In the battle for control of the triangular field, the 124th New York lost 28 men killed, 57 wounded, and 5 missing.[5] Ellis's body was returned to New York City, where he was buried in Manhattan's St. Mark's Church in-the-Bowery.[9] The specific location of Ellis' body in the churchyard was uncertain until 2007, when the burial site was positively identified via church archival records by Dr. Gary Brucato Jr. (a psychologist) and Attila Deak (a guest services specialist at an art museum) in the course of freelance field research for a book by Civil War historian E.F. Bishop.[10]



Monument to 124th New York at Gettysburg's Devil's Den, featuring Colonel Ellis, December 2005

After the war, the citizens of Orange County raised money to erect a monument to the 124th Regiment at Gettysburg. Dedicated on July 2, 1884, it was the first regimental New York monument placed on the field. Located on Houck's Ridge where the regiment stood above the triangular field, the monument has a life-sized statue of Colonel Ellis, standing with his arms folded gazing calmly ahead.[11] It is the only official full-sized statue of a Union regimental commander at Gettysburg.[12]

In 1868, the United States Army built a new fort in Gallatin County, Montana Territory, to provide protection for travelers using the Bozeman Trail. The post was named "Fort Ellis". It served as a base for part of the 2nd U.S. Cavalry until being decommissioned in 1886.[13]

The Augustus van Horne Ellis Camp #124 of the Sons of Union Veterans of the Civil War in Goshen, New York, was named in his honor. The camp annually awards a high school senior the Augustus van Horne Ellis Memorial Scholarship.[14]

A friend of Ellis recalled that he was "a rather cold, harsh ambitious man, and sometimes chilled us with his terrible bursts of profanity; but he was every inch a soldier."[5]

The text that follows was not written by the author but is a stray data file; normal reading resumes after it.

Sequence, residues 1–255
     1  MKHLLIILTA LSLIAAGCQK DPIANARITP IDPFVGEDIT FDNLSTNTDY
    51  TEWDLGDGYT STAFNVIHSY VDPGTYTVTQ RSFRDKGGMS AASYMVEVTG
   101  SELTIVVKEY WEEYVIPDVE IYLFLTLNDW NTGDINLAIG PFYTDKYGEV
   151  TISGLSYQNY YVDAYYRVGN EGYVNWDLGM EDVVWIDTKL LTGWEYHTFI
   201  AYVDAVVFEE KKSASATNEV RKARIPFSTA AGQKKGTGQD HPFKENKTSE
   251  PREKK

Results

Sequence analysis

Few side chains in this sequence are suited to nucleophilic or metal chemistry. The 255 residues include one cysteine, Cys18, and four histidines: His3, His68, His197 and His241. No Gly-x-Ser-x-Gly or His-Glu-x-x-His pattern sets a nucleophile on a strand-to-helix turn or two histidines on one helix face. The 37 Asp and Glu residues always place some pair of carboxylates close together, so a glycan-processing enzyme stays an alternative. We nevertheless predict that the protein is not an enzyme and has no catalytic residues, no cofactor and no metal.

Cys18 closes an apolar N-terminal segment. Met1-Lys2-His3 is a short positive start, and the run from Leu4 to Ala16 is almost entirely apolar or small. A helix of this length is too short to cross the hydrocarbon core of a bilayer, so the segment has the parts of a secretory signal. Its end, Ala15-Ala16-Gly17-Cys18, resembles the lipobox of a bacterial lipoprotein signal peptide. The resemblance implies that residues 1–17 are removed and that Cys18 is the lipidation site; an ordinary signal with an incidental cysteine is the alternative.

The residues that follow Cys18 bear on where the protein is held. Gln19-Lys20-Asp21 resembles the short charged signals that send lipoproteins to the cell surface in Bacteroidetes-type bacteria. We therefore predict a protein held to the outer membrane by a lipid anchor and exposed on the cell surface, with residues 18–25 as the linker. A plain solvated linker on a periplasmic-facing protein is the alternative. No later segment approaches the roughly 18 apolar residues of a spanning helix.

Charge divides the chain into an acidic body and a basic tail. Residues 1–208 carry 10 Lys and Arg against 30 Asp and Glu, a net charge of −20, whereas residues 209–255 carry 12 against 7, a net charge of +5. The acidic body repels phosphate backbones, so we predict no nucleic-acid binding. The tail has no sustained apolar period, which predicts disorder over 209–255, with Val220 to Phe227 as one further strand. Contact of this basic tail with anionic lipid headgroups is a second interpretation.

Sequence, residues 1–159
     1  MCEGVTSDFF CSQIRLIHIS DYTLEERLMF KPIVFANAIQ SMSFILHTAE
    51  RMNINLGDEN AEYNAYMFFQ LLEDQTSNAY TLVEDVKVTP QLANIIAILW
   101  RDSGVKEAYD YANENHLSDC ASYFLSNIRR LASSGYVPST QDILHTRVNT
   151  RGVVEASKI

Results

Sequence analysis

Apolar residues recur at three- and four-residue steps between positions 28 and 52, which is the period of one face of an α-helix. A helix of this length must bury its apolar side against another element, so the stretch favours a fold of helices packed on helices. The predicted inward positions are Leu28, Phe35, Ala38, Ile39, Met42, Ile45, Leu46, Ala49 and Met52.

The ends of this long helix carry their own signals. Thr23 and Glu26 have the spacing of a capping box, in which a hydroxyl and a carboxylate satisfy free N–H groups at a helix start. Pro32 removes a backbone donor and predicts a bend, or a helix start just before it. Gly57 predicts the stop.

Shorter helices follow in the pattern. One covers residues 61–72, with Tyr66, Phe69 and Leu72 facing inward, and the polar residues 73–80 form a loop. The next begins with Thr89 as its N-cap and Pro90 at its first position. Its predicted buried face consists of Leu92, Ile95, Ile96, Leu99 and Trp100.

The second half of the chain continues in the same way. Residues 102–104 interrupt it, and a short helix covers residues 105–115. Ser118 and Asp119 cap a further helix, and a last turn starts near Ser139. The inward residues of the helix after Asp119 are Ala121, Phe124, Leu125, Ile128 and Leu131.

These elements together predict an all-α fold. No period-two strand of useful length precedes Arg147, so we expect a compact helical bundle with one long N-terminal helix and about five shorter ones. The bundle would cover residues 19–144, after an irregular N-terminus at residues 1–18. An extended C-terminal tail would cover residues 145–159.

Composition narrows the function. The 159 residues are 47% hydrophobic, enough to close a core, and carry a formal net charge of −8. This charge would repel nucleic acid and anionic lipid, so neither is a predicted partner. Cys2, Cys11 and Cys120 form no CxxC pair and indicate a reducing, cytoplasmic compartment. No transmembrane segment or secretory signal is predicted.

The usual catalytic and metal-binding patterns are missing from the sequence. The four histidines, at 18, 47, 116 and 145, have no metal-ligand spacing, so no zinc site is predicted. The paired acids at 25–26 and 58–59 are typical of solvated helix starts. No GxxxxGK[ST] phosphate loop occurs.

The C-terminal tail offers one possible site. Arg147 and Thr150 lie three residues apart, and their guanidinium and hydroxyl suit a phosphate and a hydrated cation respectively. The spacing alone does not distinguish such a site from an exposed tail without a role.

1. Raus, Edmund. A Generation on the March: The Union Army at Gettysburg (1996). Ellis was brevetted after his death to brigadier to date from Gettysburg.
  2. Clark, Champ. Gettysburg: Confederate High Tide (Time Life Books: 1985) is the source for A.V.H. Ellis's interesting antebellum career.
  3. McAfee, Michael (Fall 2005). "The Sons of Friends and Neighbors: Orange County’s 56th and 124th Regiments of New York Volunteer Infantry". Marist College. Retrieved 29 October 2011. 
  4. 124th New York website
  5. 5.0 5.1 5.2 Raus, Generation
  6. Pfanz, Harry. Gettysburg: The Second Day (1987).
  7. 7.0 7.1 7.2 Pfanz, Gettysburg: The Second Day
  8. The Men Must See Us Today
  9. Find a Grave website
  10. Bishop, E.F. (2009). The Gettysburg Battlefield: The Union Regimental Commanders, A Guide to the Battlefield Sites of the Union Regimental Commanders Who Were Casualties
  11. Hawthorne, Frederick. Gettysburg: Stories of Men and Monuments (1988)
  12. Although the 83rd Pennsylvania's monument on Little Round Top clearly depicts Strong Vincent, the brigade commander and colonel of the regiment, a Vincent was a brigade, not regimental, commander at Gettysburg and b) Pennsylvania monuments could not contain descriptions or identifications that indicated individual deeds so Vincent's name is not listed as that of the mutton-chop officer on top of the 83rd's Monument.
  13. Official Gallatin County website
  14. SUVCW Camp 124 website